“The question at the heart of it all is whether NZ would be better off with or without the welfare state.”

    First you will have to give a detailed description of what you would classify as the obligations of a welfare state.. we are just talking about the benefit I pressume? If not then you would have to admit the costs of healthcare would outweigh the cost of dole beneficiaries for example, yet I don’t think anyone would argue that this is something we should remove or even limit to enhance economic growth. Though if what you say is correct it certainly seems like a logical step even if it certainly isn’t a moral one..

    So maybe it’s just a question of degree.. maybe you would say that a single mother with child should be allowed benefit money? Where do you draw the line? I agree that your ideas that we could just cut taxes by limiting welfare spending and thus immediately see the positive effects of this is a probable solution yet the outcomes are not entirely predictable as much as your theory follows logical processes.

    “The way to resolve this is to create employment so that people can lift themselves up rather than pulling other people down.”

    Currently our unemployment rate is the lowest in over two decades (3.8 % in 2006) yet you believe that more jobs is the solution to bridging the gap between rich and poor and thus help them to “lift themselves up”? Maybe a higher wage for the working class would be a better solution yet we can’t do that without economic growth.. damn.. and that’s why there is little incentive to find employment if you’re in a lower socio-economic position. It isn’t because the benefit is so desirable, it’s because the income from working a menial 9-5 job is not at all desirable. But hey they’re just complaining as usual right? Why should they get paid reasonably to do the jobs no one else wants to?

    And now I would argue that the biggest problem that has stunted our economic growth is the defecit this country is in from the investment you alluded to as opposed to the government spending up large on welfare. We as a nation consistently spend borrowed money which has driven up interest rates and property prices around the country. What happens when the property market goes the same way as the United States? Currently our unemployment rate is the lowest in two decades as mentioned earlier yet this will not last. The extra jobs from construction etc. which cater to those in a lower income bracket only exist as long as the demand in the higher income brackets for more housing exists in the current boom. Once the market collapses we will see a massive increase in redundancy. Might be handy to have a hankerchief and some form of social welfare handy..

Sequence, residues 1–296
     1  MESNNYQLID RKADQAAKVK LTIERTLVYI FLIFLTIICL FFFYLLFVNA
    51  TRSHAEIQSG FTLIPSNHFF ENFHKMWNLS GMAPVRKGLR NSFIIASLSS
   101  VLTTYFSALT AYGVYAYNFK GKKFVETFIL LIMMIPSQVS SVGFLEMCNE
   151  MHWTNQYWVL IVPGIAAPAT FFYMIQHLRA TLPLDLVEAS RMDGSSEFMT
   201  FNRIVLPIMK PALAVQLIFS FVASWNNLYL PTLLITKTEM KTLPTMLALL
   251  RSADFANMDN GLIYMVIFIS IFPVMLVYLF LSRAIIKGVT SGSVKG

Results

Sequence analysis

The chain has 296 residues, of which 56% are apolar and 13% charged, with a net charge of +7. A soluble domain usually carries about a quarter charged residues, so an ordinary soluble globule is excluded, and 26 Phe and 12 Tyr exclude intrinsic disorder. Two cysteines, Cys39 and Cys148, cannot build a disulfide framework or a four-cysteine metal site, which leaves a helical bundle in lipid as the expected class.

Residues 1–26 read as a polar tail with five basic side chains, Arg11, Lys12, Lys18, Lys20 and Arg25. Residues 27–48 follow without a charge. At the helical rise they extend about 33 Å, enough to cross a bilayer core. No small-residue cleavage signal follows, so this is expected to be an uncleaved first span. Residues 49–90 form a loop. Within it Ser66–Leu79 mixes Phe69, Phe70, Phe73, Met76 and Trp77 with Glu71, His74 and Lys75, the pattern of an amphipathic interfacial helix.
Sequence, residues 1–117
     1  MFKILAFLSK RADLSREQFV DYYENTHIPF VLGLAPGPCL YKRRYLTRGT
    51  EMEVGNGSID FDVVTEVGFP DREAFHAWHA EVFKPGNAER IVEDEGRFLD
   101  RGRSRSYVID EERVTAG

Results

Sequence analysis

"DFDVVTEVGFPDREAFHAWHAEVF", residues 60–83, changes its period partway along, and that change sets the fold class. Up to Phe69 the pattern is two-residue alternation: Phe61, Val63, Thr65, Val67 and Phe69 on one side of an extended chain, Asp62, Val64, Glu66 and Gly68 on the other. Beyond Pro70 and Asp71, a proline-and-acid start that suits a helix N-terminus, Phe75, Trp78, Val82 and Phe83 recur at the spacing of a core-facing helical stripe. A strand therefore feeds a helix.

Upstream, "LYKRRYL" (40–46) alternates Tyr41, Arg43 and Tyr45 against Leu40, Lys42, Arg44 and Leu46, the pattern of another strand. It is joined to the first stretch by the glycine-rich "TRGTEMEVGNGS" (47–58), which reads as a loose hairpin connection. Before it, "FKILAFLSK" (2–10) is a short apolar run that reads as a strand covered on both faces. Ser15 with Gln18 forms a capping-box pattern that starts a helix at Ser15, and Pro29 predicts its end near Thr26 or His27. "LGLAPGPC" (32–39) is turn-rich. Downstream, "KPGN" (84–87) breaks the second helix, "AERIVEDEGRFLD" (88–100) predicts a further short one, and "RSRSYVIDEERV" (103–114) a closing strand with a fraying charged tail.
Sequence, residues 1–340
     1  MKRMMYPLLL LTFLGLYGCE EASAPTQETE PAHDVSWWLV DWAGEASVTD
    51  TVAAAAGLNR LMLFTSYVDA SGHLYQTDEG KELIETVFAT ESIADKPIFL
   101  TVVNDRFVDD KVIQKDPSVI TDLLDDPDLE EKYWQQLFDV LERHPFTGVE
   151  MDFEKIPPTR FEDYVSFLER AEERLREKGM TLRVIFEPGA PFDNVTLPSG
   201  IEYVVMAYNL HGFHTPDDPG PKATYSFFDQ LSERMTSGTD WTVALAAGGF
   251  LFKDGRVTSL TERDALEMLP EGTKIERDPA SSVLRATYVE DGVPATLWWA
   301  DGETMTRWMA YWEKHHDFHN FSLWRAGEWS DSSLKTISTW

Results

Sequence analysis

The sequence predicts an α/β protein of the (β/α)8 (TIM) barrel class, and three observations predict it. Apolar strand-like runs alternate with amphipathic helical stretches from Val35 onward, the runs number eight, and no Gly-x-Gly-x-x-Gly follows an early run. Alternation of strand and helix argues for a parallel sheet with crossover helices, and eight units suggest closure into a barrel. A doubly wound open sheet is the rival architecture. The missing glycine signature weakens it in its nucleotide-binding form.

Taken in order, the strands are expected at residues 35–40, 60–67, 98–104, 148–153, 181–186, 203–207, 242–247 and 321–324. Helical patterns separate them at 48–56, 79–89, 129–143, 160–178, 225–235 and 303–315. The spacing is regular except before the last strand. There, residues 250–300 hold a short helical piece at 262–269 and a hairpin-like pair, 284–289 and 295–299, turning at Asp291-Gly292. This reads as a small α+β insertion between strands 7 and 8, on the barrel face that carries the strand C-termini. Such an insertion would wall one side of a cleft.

You’re right though, that being a welfare state hasn’t made New Zealand wealthy but I would say that the general ignorance shown by a large segment of the population particularly the individuals with the means to borrow and especially our finance minister and governor of the reserve bank has played a much greater role in stunting our economic growth. Perhaps if people had more of their own money as a result of lower taxation they would not need to borrow quite so much, but it still doesn’t solve our poor investment and spending choices. I’m fairly sure you won’t be guaranteeing that this will improve just by initiating tax cuts.. What we need is a complete revolution in the way New Zealanders invest and how they invest before the small factors like economic growth from tax cuts will even start to be a significant issue.

    However, your ideas could certainly benefit this nation in some way some day as long as the middle and upper classes control their borrowing and don’t drag our economy down first. Naturally if tax cuts are implemented however it will lessen the bitter taste in their mouths when they discover that their financial situation is looking a little shaky, but once again it seems that the unemployed are the ones missing out in all of this. Less jobs, limited benefit.. I just guess they can’t expect to have it easy forever..

  175. te bunny says:

    dave.
    i suggest you pik the carrot out of your arse and take a manners course because your attitude sucks shit i did not ask you for help so i suggest u shut it

  176. wealth creates says:

    ‘First you will have to give a detailed description of what you would classify as the obligations of a welfare state.. we are just talking about the benefit I pressume?’

    My political and economic methodology is the liberalisation of the NZ economy. Within this methodology there are of course excellent arguments for the reduction of health care spending that theorise the efficiency advantages provided by affordable private health care that is in turn covered by insurance. But for the sake of saving us some time and paragraphs, let’s limit the current question to the provision of the unemployment benefit.

    ‘Where do you draw the line?’